Between kids, career, and keeping the home fires burning, it's no surprise that plenty of couples spend most evenings and weekends collapsing — or cozying up — on the couch together. Blame it on the boob tube: A recent study in the journal Preventing Chronic Disease found that adults who watch more than two hours of TV a day are more likely to be overweight or obese — weighing 9 pounds more and consuming an additional 150 calories a day, on average — than people who watch less than one hour daily.
SLIMMING SOLUTION: Crank up your downtime.
Start a new healthy habit: Before dinner, rev yourself up with some activity and try to involve your spouse and kids as much as possible: Ride bikes, play Frisbee, walk in the park, or go in-line skating. Then eat together as a family without any distractions, making a conscious effort to focus on the flavors of the food and one another's company. Finally, vow to eat only in designated dining areas (the couch shouldn't be one of them!) and limit television time as much as possible. "There is no magic number, but in general, aim for two hours max a day," recommends Dr. Katz.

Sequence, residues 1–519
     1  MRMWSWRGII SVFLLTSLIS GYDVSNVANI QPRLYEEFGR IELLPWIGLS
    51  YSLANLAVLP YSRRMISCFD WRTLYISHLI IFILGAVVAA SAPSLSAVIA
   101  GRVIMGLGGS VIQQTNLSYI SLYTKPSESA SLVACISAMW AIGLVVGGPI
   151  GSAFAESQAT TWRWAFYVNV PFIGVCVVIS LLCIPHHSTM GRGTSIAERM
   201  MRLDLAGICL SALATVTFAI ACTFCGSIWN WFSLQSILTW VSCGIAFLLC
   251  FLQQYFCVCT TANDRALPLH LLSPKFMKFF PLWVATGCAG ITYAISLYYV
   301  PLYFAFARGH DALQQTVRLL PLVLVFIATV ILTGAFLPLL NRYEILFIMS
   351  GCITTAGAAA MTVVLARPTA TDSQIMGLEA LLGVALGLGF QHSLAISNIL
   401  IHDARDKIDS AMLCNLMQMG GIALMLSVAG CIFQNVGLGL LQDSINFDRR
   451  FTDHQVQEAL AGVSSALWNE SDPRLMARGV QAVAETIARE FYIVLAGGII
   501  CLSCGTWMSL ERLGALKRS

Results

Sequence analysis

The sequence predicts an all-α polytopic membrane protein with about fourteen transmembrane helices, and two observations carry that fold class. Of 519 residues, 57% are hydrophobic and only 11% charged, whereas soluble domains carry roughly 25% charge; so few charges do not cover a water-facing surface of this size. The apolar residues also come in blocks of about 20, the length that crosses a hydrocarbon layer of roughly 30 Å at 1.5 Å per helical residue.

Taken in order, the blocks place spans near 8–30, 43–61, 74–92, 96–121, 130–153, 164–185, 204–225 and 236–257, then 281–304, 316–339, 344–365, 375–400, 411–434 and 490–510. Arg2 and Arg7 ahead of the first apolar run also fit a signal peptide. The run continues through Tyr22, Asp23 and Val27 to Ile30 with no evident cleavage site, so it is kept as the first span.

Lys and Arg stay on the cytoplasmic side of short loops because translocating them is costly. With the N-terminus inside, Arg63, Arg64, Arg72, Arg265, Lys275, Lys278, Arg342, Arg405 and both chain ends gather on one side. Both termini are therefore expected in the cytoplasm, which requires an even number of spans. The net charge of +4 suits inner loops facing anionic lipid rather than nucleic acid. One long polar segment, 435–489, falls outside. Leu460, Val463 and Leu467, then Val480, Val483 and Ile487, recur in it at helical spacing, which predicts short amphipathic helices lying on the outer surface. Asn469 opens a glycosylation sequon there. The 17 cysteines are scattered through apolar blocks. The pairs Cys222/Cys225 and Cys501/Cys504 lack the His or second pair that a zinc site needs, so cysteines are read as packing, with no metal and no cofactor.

Tempted by the Food of Another
Your husband isn't the only one keeping you from fitting into your skinny jeans. Here are Dr. Katz's tips for how to keep calories under control when you're around these common food pushers:
The generous coworker. Sidestep the kindhearted colleague who keeps a candy dish on her desk by bringing snacks like baby carrots, low-fat string cheese, and fresh fruit. Explain to her that you're trying to eat healthy, and ask that she not offer you treats.
The snack-happy kids. If you pick at your kids' treats, strive to bring less tempting stuff into the home — without depriving them. "Choose the most nutritious food in every category, including crackers and cookies," says Dr. Katz, who keeps his kids happy with low-calorie Guiltless Gourmet chips and Newman-Os cookies. You'll be less likely to overeat — and even if you do, it won't be as much of a dietary disaster.
The smothering mother. No matter how old you get, Mom may still feel the need to feed you. If it's affecting your weight, have a heart-to-heart with her and explain why eating healthier is important to you. Pose it as a plea for help and she'll be more likely to stop insisting you clean your plate.
Copyright © 2007. Used with permission from the November 1, 2007, issue of Family Circle magazine.